The weekend just gone we all faced 5 overs each and that didn't work out so well as we'd decided that we'd bat the five overs consecutively and boredom had started to creep in after they'd both batted and Ben had more or less set an unasailable total with his five overs. Normally we'd do 2 overs and rotate and that seems to work better so we'll go back to that next week.

Sunday, October 10, 2010

Paddock Update

Not posted much late, works been a bit of a nightmare so far this year and I'm knackered all the time.

Paddock News
On Saturday the growth was looking very healthy and dense
and realising that the this was more than likely the last period of fine weather I set myself the task of cutting the wicket one more time before leaving it for winter, so that was done today and it's come up quite nice as below.

After an initially disappointing end to September what with buying the cheapest grass seed I could get and it being fairly dry, the amount of new growth on the really well worn parts of the wicket was poor. Good news was that although there seemed to be some football played on it and a kid gouged out great big divots with a wedge and general damage caused by non-cricket activity it has been pretty limited so far..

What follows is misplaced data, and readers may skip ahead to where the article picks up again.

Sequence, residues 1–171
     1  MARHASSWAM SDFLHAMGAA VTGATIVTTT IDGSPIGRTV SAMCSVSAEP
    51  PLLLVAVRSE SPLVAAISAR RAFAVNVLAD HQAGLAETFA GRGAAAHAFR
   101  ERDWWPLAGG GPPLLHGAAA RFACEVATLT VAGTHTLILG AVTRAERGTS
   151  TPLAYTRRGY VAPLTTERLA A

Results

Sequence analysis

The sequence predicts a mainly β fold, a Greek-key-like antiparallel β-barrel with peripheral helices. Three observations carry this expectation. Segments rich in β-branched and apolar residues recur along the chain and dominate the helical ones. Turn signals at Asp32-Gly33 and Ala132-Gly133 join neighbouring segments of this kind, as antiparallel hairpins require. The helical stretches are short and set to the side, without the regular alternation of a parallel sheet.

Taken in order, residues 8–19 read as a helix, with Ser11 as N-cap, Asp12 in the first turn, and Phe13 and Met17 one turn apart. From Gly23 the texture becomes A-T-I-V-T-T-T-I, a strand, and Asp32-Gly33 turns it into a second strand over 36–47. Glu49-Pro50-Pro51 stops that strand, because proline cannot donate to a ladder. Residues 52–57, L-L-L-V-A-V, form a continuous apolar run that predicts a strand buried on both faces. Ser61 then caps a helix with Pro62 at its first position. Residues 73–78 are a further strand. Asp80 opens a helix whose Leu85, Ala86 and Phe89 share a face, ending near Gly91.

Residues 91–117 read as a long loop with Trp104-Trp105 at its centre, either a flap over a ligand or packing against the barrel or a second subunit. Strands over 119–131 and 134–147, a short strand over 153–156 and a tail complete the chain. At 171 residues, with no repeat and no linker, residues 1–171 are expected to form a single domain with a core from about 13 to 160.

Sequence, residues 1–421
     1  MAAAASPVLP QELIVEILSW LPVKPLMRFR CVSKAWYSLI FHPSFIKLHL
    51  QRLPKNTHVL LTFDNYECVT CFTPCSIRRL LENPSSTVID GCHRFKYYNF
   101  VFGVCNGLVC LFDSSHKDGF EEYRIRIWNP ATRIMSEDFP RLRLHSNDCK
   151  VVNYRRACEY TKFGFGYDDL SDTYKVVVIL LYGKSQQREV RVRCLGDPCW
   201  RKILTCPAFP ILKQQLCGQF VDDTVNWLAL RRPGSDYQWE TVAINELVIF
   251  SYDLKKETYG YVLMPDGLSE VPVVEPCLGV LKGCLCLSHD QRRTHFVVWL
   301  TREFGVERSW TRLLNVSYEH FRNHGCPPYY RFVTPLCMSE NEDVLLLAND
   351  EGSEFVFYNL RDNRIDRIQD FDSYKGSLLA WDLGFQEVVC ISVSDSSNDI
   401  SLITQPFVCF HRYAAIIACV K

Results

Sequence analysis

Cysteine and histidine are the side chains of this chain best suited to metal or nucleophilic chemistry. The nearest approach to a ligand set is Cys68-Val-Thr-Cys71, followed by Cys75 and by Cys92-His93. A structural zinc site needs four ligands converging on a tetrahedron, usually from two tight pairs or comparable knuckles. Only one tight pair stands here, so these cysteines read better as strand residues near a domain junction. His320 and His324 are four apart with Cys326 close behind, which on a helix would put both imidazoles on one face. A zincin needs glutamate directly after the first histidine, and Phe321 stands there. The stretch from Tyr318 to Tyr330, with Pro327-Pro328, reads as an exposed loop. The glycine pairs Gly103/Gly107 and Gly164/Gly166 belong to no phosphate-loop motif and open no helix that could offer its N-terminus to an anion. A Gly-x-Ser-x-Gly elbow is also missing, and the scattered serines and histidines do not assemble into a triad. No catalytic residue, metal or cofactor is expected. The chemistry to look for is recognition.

In the last 2 weeks we’ve had far more rain and last week it’s rained almost every day, so early in the week I put down the last of the cheap seed and decided that I’d have to get more seed to see if I can get some stronger looking and more dense growth with a new batch of seed. So last Sunday I got another box of seed with a mix of nutrients in it designed specifically for repairs in high use areas. This was made up of Rye Grass and Red fescues, what that means in terms of longevity next year I’m not sure, but I think the Red Fescues grow and propagate themselves through rhizones, which basically means the root system spreads and the grass expands it’s growth from roots as well as seed eventually. What I did need was for it to rain overnight as I’d put down more topsoil and fortunately it did rain all night so this new seed did get off to a good start as it’s still quite warm. The rain also meant that the Paddock saw limited use over the next few days.